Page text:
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close this bookControlling Insect Pests of Stored Products Using Insect Growth Regulators and Insecticides of Microbial Origin (NRI, 1994, 58 p.)
close this folderSection 2: Insect growth regulators: general account
View the document(introduction...)
View the documentChitin inhibitors
View the documentJuvenile hormone and juvenile hormone analogues
View the documentAnti-juvenile hormones
View the documentInsecticide development and registration
View the documentReview of insect growth regulators
View the documentEffect of insect growth regulators on non-target organisms

Review of insect growth regulators

Where appropriate, the various methodologies used in the evaluation of each IGR are described. Most trials have been laboratory-based. The methods used to apply IGRs can be classified into the following three groups: topical application, admixture to food media and application to surfaces.

For topical application, 1-100 µg of IGR are applied in solvent to the insect body. Various solvent carriers in volumes between 0.03 µl to 2 µl are used. For the admixture of IGRs to insect food media, widely differing volumes of various solvents have been used. Generally, the treatment is applied directly to the food medium, although the compound is occasionally applied, in solvent, to the glass above the commodity in the treatment vessel. Distribution of active ingredient (a.i.) is achieved either by mechanical tumbling followed by controlled solvent evaporation, or by manual mixing followed by natural evaporation over 18 hours. An IGR in solvent may also be directly applied to paper or cardboard, but this is a method which is rarely used.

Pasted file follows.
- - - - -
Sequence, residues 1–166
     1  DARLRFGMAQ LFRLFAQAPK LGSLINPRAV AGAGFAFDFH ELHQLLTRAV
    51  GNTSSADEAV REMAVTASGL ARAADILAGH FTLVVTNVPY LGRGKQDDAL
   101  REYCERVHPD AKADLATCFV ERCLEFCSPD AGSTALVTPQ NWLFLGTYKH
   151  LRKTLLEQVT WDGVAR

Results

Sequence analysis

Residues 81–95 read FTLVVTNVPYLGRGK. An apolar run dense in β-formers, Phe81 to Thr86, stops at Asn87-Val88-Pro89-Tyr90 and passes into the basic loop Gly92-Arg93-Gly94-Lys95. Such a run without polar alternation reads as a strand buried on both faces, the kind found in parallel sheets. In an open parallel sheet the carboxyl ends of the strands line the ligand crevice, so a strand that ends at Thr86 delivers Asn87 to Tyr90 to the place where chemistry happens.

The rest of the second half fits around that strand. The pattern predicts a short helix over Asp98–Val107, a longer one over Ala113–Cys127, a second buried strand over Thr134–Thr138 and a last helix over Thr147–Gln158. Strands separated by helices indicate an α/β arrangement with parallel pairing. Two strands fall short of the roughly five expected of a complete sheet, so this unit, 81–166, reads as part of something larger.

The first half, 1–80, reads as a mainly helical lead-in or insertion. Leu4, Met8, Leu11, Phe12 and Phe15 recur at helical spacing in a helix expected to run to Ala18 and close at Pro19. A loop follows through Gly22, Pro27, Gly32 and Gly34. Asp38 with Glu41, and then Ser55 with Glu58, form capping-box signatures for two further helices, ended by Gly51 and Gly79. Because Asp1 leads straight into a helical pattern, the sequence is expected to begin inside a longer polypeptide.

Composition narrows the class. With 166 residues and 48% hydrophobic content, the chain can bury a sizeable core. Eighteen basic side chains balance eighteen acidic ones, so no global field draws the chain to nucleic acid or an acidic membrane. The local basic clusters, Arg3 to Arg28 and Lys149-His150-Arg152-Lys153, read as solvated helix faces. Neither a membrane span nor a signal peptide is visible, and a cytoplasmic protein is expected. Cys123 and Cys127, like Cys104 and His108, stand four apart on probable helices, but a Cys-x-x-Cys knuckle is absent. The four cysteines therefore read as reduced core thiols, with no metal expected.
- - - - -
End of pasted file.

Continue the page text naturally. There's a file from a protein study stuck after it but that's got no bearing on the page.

Many of the IGRs examined in this review have remained at the preliminary evaluation stage, whilst others have been approved and used commercially against insect pests. Cross-referencing of data for a particular compound is often difficult because various registration numbers have been issued by different chemical companies. It is possible that some of the registration numbers quoted may have been superseded as a result of a substance having being withdrawn by its manufacturer. As they form only a small fraction of the insecticide market, it is unlikely that substances will be evaluated solely as grain protectants.